Here are notes on a couple of very nice wines from a winery I was not that familiar with:
Clos du Soleil 2012 Guild Grower's Series Merlot ($24.90)
Exclusive and very limited and very tasty. It opens with cherries, raspberries and cranberries. The red berries combine on the palate as well and are joined by a touch of white pepper and dark chocolate. 90.
Clos du Soleil 2012 Signature ($45.00)
Sauvignon (48%), Merlot (42%), Cabernet Franc (9%), Petit Verdot (1%)
Lovely aromas of black cherry, herbs and blueberries. The palate features some currants, blackberries and tobacco. Well balanced acidity. Quite lovely. 92.
For New Year's, we opened this one which I've had in one of my wine fridges for a couple of years:
Gray Monk 2009 Odyssey Rose Brut ($24.99)
Cherry and licorice notes on the nose. Fresh and lively palate features strawberry, licorice and toasty oak flavors. Look, take this review for what it is: I'm not particularly a fan of bubbly, but this is perfectly pleasant. 84.
Some other random stuff:
Gray Monk 2013 Pinot Auxerrois ($14.79)
I swear this rare varietal gets better every year. Citrus dominates the nose and palate, with hints of orchard fruits like peaches and nectarines. Beautiful acidity, this pairs perfectly with seafood, poultry, or a nice day on your patio. Serve well chilled (close to fridge cold). 88.
Meiomi 2014 Pinot Noir ($24.99)
A rich garnet color with a ruby edge, the wine opens to reveal lifted fruit
aromas of bright strawberry and jammy fruit, mocha, and vanilla, along with
toasty oak notes. Expressive boysenberry, blackberry, dark cherry, juicy
strawberry, and toasty mocha flavors lend complexity and depth on the palate. At this price, it's tough to imagine Pinot being a lot better. 90.
Plume 2009 Cabernet Sauvignon ($22.62)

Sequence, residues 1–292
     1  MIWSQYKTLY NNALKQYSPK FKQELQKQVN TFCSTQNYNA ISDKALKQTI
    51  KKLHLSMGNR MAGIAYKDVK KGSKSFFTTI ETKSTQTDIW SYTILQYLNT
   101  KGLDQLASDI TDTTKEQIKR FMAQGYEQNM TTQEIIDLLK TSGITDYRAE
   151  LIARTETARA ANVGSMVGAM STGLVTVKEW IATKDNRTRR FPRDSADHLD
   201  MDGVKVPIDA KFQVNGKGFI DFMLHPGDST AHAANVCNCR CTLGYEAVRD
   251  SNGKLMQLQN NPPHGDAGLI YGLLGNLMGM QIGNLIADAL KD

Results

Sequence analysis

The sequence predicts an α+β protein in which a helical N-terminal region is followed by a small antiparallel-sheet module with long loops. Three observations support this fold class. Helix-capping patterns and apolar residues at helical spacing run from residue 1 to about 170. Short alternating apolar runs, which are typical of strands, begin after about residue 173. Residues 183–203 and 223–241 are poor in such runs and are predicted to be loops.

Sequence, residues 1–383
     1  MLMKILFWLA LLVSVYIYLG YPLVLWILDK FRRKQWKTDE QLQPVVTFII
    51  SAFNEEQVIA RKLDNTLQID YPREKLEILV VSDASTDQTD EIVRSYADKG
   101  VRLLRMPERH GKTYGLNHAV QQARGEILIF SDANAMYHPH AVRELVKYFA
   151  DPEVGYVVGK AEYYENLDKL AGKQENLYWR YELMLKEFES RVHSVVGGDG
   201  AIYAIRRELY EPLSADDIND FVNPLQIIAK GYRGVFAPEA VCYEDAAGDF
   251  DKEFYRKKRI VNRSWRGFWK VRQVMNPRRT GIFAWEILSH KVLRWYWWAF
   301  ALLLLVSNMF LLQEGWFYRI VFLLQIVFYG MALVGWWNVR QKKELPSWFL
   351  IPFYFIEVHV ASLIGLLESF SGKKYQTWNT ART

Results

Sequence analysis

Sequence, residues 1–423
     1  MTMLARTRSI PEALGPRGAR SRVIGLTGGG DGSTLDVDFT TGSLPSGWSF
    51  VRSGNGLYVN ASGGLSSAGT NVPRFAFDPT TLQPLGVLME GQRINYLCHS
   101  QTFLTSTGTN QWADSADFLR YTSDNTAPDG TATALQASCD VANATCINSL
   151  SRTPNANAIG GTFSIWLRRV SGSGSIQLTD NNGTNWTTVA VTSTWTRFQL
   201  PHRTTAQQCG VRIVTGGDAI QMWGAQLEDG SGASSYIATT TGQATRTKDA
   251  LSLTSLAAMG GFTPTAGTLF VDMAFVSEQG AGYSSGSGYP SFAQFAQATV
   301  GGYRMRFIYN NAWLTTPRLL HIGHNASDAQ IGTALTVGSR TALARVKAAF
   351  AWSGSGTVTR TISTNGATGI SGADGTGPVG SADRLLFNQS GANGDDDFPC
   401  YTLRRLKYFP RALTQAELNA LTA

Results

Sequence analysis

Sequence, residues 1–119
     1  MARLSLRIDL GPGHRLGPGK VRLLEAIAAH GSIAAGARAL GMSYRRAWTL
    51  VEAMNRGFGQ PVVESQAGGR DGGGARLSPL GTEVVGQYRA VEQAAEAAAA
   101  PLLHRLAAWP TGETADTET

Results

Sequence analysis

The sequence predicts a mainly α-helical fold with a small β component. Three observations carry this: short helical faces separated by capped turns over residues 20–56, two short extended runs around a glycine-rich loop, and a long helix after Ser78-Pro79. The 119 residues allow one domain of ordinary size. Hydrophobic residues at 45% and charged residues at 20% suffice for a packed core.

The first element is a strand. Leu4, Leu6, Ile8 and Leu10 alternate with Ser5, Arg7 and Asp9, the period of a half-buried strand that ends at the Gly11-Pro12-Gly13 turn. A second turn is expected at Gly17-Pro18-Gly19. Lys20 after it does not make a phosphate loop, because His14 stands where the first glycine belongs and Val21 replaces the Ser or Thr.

The first offering of this joint venture from the Stewart Family of BC (Quails' Gate) and Daniel Zepponi of Napa. Aromas and flavors of black cherry and plum. Muted and not particularly impressive. I've seen lots of solid reviews of this one, but we were quite underwhelmed. 83.
Mer Soleil 2013 Reserve Chardonnay ($35.00)
Beautiful and powerful aromas of butterscotch, pineapple, citrus and apple. Flavors of butterscotch, mango and fruit blossoms. Crisp palate with balanced acidity and a long finish. Lovely. 92.
Tamarick Cellars 2012 Firehouse Red ($25.97)
A blend of twelve grapes. Twelve. 29% Cab Sauv, 22% Syrah, 22% Merlot, 11% Cab Franc, 5% Malbec, 3% Sangiovese, 2% Grenache, 2% Cinsault, 1% each of Petit Verdot, Counoise, Mourvedre and Carmenere.
Aromas of rose petals mingle with cherries and strawberries. Plum, boysenberry and a touch of tobacco on the palate. Firm tannins. 87.
Last weekend we had a little side-by-side tasting of a couple beauties from South Africa.
Rustenberg 2012 Chardonnay ($28.99)
We've had a few bottles of this, previously reviewed here.
One of the bottles under our Xmas tree was this premium offering from the same winery:
Rustenberg 2009 Five Soldiers Chardonnay ($59.99)
Aged 18 months in oak and undergoing 100% maloactic fermentation, I was surprised at the subtlety of the buttery notes on the nose and palate. Dominated by citrus, peach and melon aromas and flavors. Creamy and long finish. 90.
That's it for today, almost caught up now! More tastings to report on coming up!